Don't take it lying down

Most company directors don't want to be lied to by their employees but many are comfortable with those same employees lying to customers, according to research from The Aziz Corporation.

The survey also showed that female bosses are more at ease with lying in the workplace.

Much like findings of child psychologists, the survey found that attitudes to lying in the workplace depend, in part, on the purpose of the lie.

And while only 3% of those questioned believe it acceptable to lie when making an expenses claim, a surprisingly large 14% are comfortable with employees lying on their CVs.

Professor Khalid Aziz, chairman of the Aziz Coroporation, says: 'Senior business leaders regard occasional lies from employees as more acceptable than poor time keeping and no worse than absenteeism.'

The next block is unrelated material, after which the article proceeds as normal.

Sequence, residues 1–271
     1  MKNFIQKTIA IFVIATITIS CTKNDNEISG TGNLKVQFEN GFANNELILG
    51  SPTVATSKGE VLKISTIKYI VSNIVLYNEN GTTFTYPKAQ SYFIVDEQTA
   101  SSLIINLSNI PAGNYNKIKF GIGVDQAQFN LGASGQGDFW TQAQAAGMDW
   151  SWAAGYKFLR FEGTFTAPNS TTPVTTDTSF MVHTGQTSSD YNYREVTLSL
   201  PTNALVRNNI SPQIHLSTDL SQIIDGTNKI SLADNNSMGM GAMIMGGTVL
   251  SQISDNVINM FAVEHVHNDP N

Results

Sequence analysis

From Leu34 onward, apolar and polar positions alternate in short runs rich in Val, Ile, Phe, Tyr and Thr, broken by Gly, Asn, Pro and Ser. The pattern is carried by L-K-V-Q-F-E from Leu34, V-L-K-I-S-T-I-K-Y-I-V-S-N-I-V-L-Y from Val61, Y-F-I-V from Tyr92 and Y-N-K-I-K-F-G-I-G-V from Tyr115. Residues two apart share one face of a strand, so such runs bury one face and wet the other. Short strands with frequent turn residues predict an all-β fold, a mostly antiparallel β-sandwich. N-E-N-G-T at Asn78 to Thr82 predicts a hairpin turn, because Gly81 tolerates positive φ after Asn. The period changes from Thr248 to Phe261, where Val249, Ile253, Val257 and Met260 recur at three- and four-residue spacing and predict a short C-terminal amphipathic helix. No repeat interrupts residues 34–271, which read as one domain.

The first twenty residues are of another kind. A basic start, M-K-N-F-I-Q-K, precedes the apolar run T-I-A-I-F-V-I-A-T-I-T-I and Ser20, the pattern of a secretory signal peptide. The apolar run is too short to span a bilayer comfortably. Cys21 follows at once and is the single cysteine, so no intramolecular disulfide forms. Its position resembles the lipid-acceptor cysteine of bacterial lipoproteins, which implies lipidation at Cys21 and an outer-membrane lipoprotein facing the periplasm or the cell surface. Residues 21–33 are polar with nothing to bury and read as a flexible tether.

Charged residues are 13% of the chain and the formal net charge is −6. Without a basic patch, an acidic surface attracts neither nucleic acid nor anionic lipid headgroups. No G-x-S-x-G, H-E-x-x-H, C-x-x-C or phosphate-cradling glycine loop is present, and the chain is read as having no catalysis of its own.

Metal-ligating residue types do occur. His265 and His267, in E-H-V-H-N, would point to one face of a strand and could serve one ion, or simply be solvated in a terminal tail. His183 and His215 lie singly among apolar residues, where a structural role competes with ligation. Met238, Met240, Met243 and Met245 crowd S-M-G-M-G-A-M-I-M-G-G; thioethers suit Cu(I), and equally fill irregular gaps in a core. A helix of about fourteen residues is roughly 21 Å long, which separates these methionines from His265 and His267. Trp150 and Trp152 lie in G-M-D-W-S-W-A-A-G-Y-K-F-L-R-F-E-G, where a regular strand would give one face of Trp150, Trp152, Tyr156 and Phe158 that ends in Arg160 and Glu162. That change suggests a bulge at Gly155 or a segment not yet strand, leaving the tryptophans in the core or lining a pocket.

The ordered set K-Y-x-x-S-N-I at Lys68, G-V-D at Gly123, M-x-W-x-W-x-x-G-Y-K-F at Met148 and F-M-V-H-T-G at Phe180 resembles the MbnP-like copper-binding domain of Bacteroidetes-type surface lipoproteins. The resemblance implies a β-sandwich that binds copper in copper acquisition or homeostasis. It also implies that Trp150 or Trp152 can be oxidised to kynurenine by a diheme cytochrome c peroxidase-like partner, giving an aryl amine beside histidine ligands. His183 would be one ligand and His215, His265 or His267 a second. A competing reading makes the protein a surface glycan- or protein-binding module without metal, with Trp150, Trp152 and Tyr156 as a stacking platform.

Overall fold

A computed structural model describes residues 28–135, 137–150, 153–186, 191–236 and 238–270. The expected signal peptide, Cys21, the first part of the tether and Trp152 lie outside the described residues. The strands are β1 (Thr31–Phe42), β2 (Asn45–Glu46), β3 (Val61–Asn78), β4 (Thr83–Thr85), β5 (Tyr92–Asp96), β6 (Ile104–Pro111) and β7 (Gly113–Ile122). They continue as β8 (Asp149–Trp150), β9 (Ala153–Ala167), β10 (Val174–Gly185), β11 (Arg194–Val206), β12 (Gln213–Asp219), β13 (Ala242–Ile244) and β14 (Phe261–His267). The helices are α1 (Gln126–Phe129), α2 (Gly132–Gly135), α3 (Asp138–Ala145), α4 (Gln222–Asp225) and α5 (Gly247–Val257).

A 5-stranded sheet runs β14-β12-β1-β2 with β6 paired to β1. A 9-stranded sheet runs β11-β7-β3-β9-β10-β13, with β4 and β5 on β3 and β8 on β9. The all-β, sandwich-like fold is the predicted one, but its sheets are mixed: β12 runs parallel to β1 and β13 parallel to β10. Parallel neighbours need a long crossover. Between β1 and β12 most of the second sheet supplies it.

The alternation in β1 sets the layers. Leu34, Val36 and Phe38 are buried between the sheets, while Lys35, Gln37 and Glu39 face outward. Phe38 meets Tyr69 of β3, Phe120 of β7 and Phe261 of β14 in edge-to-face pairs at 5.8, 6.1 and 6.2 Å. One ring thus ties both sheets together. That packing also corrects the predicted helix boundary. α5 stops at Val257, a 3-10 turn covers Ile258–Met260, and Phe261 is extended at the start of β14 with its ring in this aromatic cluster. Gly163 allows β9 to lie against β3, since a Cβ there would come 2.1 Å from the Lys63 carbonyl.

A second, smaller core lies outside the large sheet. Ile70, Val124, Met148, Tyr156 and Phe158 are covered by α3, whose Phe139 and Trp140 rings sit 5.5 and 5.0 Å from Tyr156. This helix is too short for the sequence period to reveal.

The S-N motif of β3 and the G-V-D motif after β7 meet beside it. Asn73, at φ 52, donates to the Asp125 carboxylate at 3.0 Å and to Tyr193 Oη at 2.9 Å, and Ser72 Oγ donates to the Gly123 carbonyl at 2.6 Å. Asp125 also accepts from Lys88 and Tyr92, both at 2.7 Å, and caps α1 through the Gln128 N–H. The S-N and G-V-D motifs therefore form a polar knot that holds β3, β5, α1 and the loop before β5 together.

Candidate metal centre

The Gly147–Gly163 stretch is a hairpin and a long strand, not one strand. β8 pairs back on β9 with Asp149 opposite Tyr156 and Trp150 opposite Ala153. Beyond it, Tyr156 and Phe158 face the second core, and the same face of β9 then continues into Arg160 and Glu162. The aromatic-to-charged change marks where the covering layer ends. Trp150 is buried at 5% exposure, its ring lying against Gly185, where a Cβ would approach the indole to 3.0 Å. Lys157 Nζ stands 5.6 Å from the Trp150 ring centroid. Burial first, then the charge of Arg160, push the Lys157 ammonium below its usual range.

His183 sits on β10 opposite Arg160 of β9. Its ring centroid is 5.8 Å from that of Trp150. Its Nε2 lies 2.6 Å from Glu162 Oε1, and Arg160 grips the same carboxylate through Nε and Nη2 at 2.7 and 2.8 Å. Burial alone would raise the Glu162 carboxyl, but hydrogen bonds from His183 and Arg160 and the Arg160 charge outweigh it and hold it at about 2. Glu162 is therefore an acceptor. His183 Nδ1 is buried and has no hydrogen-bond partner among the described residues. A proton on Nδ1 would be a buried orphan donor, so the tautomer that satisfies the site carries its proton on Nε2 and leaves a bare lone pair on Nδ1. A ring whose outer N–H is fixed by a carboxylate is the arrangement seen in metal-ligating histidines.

Be still your beating heart - or risk losing your job

Falling in love at work may soon be subject to strict contractual burdens, according to the Trade Unions Congress, which says firms are planning to introduce policies aimed at tackling workplace relationships.

In particular, the measures would be used when such relationships go wrong and sweet nothings are replaced by bitter recriminations. However, such contracts may be in breach of the Human Rights Act.

It is estimated that one in four relationships start at work.

Earlier last month, Boeing sacked its chief executive, Harry Stonecipher, a married-father-of-two, after an inquiry into 'a personal relationship' between him and a female co-worker, describing his actions as 'inconsistent with Boeing's code of conduct'.

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